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Yearender: Cambodia's economy remains strong in 2013 despite political row, flood havoc: officials

English.news.cn   2013-12-19 08:22:38            

by Nguon Sovan, Wang Qibing,

PHNOM PENH, Dec. 19 (Xinhua) -- Cambodia's economy is expected to maintain the robust growth of over 7 percent this year even though the country is still trapped in political dispute and recovering from the aftermath of recent floods, senior officials and bankers said.

But some analysts predicted that political trouble, coupled with flood damage, would slash the country's growth to 6 percent this year.

"We're optimistic that the country still achieves over 7 percent economic growth this year, driven by strong garment exports, tourism and construction," Mey Vann, chief of the Financial Industry Department at the Ministry of Economy and Finance, told Xinhua.

"Our forecast is similar to that by the International Monetary Fund (IMF) and the World Bank."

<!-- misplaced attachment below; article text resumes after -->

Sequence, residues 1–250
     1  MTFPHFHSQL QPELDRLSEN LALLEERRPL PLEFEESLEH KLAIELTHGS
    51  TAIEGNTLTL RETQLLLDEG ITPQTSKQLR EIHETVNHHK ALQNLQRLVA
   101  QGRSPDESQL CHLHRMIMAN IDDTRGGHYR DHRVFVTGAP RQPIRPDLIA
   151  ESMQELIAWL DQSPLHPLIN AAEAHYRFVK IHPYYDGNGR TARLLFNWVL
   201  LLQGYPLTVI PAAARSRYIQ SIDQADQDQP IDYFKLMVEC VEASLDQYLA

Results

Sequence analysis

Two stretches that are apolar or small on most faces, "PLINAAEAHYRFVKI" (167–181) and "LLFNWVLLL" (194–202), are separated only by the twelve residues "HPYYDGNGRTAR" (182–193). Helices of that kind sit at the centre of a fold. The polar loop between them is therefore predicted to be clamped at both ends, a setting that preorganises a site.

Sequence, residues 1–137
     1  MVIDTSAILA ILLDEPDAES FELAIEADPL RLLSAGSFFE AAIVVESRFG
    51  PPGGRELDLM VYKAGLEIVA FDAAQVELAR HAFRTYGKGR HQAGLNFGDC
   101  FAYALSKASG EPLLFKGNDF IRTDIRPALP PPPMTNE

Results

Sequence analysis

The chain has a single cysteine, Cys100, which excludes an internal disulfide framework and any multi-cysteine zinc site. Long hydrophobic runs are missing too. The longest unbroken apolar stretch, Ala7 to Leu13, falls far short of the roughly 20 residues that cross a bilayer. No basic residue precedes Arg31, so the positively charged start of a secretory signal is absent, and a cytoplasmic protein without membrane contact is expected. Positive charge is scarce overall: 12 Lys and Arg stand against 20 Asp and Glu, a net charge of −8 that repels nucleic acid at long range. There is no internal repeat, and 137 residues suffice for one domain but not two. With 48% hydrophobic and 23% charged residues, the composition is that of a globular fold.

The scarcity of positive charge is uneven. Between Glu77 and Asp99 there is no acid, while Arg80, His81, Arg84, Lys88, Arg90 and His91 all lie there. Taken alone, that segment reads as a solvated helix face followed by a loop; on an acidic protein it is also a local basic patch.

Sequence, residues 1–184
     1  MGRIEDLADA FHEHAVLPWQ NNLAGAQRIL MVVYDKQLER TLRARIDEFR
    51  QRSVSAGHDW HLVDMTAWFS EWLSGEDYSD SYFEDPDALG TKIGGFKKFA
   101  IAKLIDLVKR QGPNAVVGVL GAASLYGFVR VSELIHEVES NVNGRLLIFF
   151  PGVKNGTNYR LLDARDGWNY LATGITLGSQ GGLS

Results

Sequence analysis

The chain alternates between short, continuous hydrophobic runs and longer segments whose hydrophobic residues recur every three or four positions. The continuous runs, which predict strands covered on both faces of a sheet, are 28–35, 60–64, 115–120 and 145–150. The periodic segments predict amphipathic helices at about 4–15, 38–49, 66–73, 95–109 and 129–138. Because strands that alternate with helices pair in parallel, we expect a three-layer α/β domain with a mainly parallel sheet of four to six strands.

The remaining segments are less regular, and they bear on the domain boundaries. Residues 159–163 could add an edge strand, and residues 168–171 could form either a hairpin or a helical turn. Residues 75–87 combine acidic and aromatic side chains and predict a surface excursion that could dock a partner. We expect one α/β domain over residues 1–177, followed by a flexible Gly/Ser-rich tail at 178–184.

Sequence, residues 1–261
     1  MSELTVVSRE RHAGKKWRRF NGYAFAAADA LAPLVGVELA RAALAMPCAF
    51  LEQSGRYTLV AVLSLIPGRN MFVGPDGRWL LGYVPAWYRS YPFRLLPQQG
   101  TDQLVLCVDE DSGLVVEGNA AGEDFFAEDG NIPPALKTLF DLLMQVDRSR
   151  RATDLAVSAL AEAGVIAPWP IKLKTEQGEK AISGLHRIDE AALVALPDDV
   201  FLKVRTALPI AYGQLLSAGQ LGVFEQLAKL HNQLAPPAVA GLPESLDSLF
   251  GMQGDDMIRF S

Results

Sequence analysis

Addressing to the National Assembly last month, Minister of Economy and Finance Aun Porn Moniroth said Cambodia's GDP (Gross Domestic Product) growth in 2013 was projected at 7.6 percent in equivalent to 15.19 billion U.S. dollars.

The country's per capita GDP was expected to reach 1,036 dollars this year, up from nearly 1,000 dollars in a year earlier.

"Cambodia will move from the status of a low-income to a lower- middle income country in the near future," he said.

The Southeast Asian nation's economy heavily depends on garment exports, tourism, agriculture and construction.

Apparel exports, the kingdom's largest foreign exchange earner, have made 4.76 billion dollars in the first 10 months of this year, up 24 percent year-on-year, according to the government's figures. Tourism has witnessed a remarkable growth with tourist arrivals increasing by 19 percent to 3.4 million during the first 10 months of 2013.

The construction has received a total investment of 2.48 billion dollars in the first 10 months of 2013, up 29 percent compared with 1.92 billion dollars over the same period last year.

Agricultural sector was expected a 4.2 percent growth this year even though about 4.4 percent, or 113,260 hectares, of the total planted rice paddy had been completely destroyed by floods between August and October.

"Despite suffering from flooding, rice production this year is still expected to achieve good harvests," Ouk Rabun, minister of agriculture, wrote in a flood damage assessment report to Prime Minister Hun Sen.

Phay Siphan, spokesman for the Council of Ministers, said the GDP growth is expected at over 7 percent and inflation rate at 3 to 4 percent this year.